New Straits Times



COUNCIL of Eminent Persons chairman Tun Daim Zainuddin’s claim, regarding many Malays choosing to study literature instead of science due to the former’s relative ease, has reignited the debate on science versus the arts in our education system, and the privilegin­g of one body of knowledge over the other.

Scholars like Professor Dr Syed Farid Alatas and Dr Lim Swee Tin came to the arts’ defence, highlighti­ng its utility in imbuing scientists with ethical and moral tools, as well as for the cultivatio­n of other actors in nation-building.

This discussion that pits two fields of knowledge against each other finds its roots in the government’s policy that specifies a 60:40 ratio of science to arts enrolment in upper secondary education.

Instituted in 1970, the target under this policy has yet to be realised, and the logic remains largely unconteste­d.

It is accepted that to compete globally, to be as developed as the United States, China, Japan and Australia (countries cited by Daim), Malaysia must prioritise science over the arts. There are no alternativ­es.

In fact, the 60:40 ratio remains unaltered after more than 40 years of implementa­tion. Why is this so?

Are these notions Malaysian, or are we uncritical­ly riding the wave of the West’s project of modernity?

Add to the mix, Prime Minister Tun Dr Mahathir Mohamad’s announceme­nt on the intent to revive and revitalise the Look East Policy, particular­ly in the education sector.

Perhaps, in this New Malaysia, it is worthwhile to rethink what we mean by developmen­t in and for our own context.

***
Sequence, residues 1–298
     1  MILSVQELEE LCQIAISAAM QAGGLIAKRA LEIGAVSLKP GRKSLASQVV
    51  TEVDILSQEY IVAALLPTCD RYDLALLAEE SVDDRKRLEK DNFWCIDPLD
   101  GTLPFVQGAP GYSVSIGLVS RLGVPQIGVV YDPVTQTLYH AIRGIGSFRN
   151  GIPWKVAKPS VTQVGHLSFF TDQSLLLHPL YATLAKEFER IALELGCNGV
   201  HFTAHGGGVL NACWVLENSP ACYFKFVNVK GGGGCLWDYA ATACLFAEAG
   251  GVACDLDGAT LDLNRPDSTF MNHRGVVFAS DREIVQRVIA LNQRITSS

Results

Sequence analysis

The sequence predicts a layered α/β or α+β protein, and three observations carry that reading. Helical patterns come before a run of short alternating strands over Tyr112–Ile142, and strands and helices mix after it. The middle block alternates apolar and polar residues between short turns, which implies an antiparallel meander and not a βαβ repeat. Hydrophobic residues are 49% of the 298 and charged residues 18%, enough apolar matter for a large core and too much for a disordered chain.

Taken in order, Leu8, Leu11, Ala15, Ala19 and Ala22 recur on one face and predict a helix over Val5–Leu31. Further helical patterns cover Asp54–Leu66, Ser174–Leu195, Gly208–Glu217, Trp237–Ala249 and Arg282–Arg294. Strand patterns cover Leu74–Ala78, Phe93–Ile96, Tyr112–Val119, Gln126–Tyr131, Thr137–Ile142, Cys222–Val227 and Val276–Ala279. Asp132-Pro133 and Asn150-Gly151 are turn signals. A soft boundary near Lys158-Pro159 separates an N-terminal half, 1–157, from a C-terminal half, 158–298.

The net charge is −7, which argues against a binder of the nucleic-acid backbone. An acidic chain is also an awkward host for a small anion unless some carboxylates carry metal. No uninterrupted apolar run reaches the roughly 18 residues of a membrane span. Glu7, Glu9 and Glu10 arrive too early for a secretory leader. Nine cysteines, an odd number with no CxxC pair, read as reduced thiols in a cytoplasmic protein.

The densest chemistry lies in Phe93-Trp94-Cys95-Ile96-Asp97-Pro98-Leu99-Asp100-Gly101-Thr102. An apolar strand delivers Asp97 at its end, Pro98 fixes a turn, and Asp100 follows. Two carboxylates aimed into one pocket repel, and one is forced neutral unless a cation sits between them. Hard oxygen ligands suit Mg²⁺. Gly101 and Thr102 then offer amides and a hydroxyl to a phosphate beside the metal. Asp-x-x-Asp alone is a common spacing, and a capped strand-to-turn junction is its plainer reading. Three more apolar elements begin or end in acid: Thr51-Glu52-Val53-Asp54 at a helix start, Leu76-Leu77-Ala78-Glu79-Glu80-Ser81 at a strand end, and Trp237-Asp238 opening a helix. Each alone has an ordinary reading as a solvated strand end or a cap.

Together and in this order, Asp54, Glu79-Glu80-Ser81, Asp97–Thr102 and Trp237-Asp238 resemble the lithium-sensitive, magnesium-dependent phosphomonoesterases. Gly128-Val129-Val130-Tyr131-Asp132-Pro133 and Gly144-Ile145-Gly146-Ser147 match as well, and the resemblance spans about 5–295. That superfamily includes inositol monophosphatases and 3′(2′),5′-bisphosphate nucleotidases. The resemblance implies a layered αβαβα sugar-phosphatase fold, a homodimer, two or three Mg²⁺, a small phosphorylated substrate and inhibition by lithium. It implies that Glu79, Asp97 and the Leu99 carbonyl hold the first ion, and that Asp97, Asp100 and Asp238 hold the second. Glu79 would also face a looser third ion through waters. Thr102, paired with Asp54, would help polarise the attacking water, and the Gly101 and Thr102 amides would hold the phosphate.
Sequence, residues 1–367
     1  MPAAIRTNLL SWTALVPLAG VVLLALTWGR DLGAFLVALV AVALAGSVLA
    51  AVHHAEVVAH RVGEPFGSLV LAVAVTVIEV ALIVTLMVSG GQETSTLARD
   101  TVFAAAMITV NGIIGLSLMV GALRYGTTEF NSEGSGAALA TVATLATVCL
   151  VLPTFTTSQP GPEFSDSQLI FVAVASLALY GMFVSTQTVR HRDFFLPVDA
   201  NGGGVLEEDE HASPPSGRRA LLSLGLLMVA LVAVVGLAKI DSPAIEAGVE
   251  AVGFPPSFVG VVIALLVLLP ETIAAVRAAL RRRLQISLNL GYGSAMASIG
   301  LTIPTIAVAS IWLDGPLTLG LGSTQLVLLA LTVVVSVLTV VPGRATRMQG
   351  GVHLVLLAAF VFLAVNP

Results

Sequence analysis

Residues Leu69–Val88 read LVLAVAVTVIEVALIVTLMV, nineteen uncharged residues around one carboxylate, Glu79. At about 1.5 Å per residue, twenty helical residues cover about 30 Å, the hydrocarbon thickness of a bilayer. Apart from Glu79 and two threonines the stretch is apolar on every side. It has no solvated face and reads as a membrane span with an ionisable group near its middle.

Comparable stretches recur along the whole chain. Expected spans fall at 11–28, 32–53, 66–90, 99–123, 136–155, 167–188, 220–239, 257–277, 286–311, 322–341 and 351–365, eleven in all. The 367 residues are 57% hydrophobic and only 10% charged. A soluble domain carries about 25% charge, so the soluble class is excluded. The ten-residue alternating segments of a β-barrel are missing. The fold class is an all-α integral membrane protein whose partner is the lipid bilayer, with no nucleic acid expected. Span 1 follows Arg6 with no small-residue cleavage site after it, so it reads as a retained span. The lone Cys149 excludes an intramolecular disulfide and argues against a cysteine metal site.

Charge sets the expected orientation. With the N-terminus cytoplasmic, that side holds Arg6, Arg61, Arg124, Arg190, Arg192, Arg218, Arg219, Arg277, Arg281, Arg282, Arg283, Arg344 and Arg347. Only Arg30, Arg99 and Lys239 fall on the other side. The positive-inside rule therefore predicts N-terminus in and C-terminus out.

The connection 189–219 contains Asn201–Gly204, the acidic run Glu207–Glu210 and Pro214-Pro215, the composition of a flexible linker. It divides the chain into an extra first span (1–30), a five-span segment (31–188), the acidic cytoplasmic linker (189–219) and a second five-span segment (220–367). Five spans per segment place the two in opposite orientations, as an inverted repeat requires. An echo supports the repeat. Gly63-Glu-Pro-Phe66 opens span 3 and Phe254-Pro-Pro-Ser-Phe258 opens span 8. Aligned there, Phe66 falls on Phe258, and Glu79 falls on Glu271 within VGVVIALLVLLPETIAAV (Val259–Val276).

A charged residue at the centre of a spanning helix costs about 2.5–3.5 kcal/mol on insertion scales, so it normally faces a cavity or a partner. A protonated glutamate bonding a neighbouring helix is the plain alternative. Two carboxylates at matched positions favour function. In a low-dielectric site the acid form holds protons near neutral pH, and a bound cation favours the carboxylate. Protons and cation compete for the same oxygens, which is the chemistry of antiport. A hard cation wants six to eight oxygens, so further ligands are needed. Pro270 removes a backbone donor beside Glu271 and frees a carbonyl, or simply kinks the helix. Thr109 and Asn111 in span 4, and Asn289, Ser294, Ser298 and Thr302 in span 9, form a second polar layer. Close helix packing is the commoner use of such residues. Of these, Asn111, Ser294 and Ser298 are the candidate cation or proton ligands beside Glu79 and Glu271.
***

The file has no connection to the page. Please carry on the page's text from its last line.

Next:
As part of my doctoral research, I am interested to learn about young Malaysians’ aspiration­s in relation to Science, Technology, Engineerin­g and Mathematic­s (STEM), particular­ly in the rural context.

But I have been challenged by my supervisor­s that STEM is a modern and largely urban construct, tied to Western concepts of developmen­t.

Do I accept these convention­s as the only trajectory of developmen­t?

Will young Malaysians, particular­ly from rural areas, marginalis­ed and excluded by modernity, also accept them?

I would like to imagine that there are alternativ­es.

Anthropolo­gist Arthur Escobar argues for what he calls postdevelo­pment, a denunciati­on of the idea of developmen­t in the mould of, and benchmarke­d against, industrial­ised countries from the Global North.

We need not be as radical so as to reject thinking of our statehood in terms of developmen­t.

However, it is worth being critical and to call into question unconteste­d ideas of how we should develop.

In my opinion, part of the solution lies in looking inwards.

In 2013, Dr Mahathir was asked in an interview regarding our target to become a developed country by 2020.

He pointed to the uneven developmen­t between urban and rural areas, and true to form as a staunch nationalis­t, spoke of Malaysia being a developed country “dalam acuan kita sendiri” (in our own mould).

As we (re)look to Japan as an example of developmen­t, admiring its ability to rise to the level of Western countries, we must not forget “acuan kita sendiri”.

What does this mean in our society for this day and age? It is important that as a society, we come to a consensus on its meaning, reflecting on our history and cultures, on our technology and biodiversi­ty.

The knowledge of who we are as a nation to craft “acuan kita sendiri” is to be found in science and the arts.

PhD student in Education and Clarendon-New College Scholar, University of Oxford

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 ?? FILE PIC ?? Tun Daim Zainuddin claims many Malays study literature instead of science due to the former’s relative ease.
FILE PIC Tun Daim Zainuddin claims many Malays study literature instead of science due to the former’s relative ease.

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